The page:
"They didn't think this one guy was moving fast enough, and they struck him in the face with a baton," said Troy Pickard, 20, a Chapman University student.

A short distance away, about 100 black-clad protesters chanted "Whose streets? Our streets!" and "The whole world is watching!"

Two lines of police officers boxed in the crowd and declared those gathered to be an unlawful assembly. Police and other officials allowed the protesters to leave the intersection four at a time.

By 7 p.m., about an hour after a permit for the peace rally had expired, police threatened mass arrests; several hundred protesters were then cornered by officers near the intersection of Willoughby Avenue and Orange Drive.

At that point, the crowd broke up peacefully. The marchers had made cacophonous noise in the residential neighborhood, banging on steel doors and garbage bins, and spray painting antiwar graffiti as they tried unsuccessfully to turn back toward the Kodak Theatre.

Closer to the theater, dozens of people rallying in support of U.S. troops drowned out the opposing chants of a smaller group of antiwar activists with screams of "Free Iraq!" and "LAPD!"

As the show got underway, about 250 people crammed onto the corner. Pro-military demonstrators chanted "Impeach Martin Sheen" and sang a rough rendition of "God Bless America."

One woman, 20-year-old Kate Gillam of North Hollywood, wore a strapless red gown, a blond wig and a tiara, and her face and arms were covered with fake blood.

"I'm dressed this way because if one famous actor was murdered, it would be on every TV station," Gillam said. "But 1 million have died because of the sanctions on Iraq, and no one cares."

Some tourists found themselves drawn into the political theater. Dan Kleuskens, 47, of St. Louis, said he came to Hollywood on Sunday to "do some goodle-gazing," as he said they call stargazing in his hometown, while on a business trip.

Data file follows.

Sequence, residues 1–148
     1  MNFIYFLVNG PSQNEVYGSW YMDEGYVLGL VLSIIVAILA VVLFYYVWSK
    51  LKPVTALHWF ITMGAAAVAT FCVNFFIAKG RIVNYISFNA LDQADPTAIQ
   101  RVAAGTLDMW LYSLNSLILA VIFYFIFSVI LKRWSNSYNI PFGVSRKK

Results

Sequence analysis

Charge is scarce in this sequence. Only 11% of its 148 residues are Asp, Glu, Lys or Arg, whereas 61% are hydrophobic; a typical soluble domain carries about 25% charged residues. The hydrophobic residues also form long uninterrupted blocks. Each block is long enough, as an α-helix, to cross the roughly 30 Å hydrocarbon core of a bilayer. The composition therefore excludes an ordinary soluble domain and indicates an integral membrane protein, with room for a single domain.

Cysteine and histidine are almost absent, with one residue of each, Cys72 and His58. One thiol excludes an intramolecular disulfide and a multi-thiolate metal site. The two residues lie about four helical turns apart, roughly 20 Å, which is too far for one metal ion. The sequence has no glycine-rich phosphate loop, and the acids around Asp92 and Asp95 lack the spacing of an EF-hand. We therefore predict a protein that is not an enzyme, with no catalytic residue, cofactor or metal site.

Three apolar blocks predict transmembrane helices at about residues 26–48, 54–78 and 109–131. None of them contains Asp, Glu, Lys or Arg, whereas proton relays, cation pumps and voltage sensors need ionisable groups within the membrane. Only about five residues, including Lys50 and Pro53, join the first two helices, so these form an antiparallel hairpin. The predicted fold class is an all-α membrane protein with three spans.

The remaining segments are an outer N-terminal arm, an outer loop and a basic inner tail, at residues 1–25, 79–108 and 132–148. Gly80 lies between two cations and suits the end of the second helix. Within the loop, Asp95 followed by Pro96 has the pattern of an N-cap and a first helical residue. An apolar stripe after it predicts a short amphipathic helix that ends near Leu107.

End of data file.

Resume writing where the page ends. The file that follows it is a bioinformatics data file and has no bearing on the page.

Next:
Instead the 20-year Army veteran who served in the Persian Gulf War unleashed a 10-minute tirade directed at a peace T-shirt vendor.

"You think you can protest Saddam on a street over there? All you have to do is go to the television and watch them putting bullets in the back of our guys' heads," Kleuskens yelled. "We came for the Academy [Awards] and just got mixed up in this," said Sara Taylor, 20, of Long Beach. Taylor joined the pro-war side of the street. "It's almost like there's more focus on the protests than on the Academy Awards," she said.

Others took a different view. "The protesters have really helped because a lot of the people going to the show have been rolling down their windows to give the peace sign, so we can see who's in the car," said stargazer Mariana Denke of Plano, Texas.

In the end, there was a brief show of solidarity among the opposing factions. The pro-war camp declared a moment of silence for the recent combat victims.

"Sides don't matter," said pro-war rally organizer Ted Hayes. "Iraqi or American, people are dying on both sides."

A man wearing a T-shirt with the words "Support Regime Change. Impeach Bush" said, "I'm with that."

He lowered a protest sign and said a prayer.

Times staff writers Megan Garvey, Errin Haines, Zeke Minaya, Daniel Hernandez, Monty Morin and Steve Hymon contributed to this report.

Copyright © 2014, Los Angeles Times
Comments
Loading